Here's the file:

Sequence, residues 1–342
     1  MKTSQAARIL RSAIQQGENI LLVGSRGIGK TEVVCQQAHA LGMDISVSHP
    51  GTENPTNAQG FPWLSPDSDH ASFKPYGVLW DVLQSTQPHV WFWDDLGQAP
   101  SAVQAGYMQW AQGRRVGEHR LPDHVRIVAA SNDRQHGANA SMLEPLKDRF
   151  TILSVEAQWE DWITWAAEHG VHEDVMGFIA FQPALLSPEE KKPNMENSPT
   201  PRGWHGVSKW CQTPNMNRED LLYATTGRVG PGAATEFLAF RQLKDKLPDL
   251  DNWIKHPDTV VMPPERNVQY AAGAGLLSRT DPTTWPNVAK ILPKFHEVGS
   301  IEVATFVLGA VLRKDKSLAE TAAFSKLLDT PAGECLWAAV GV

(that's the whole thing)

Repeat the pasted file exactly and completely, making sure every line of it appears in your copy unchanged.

Sequence, residues 1–342
     1  MKTSQAARIL RSAIQQGENI LLVGSRGIGK TEVVCQQAHA LGMDISVSHP
    51  GTENPTNAQG FPWLSPDSDH ASFKPYGVLW DVLQSTQPHV WFWDDLGQAP
   101  SAVQAGYMQW AQGRRVGEHR LPDHVRIVAA SNDRQHGANA SMLEPLKDRF
   151  TILSVEAQWE DWITWAAEHG VHEDVMGFIA FQPALLSPEE KKPNMENSPT
   201  PRGWHGVSKW CQTPNMNRED LLYATTGRVG PGAATEFLAF RQLKDKLPDL
   251  DNWIKHPDTV VMPPERNVQY AAGAGLLSRT DPTTWPNVAK ILPKFHEVGS
   301  IEVATFVLGA VLRKDKSLAE TAAFSKLLDT PAGECLWAAV GV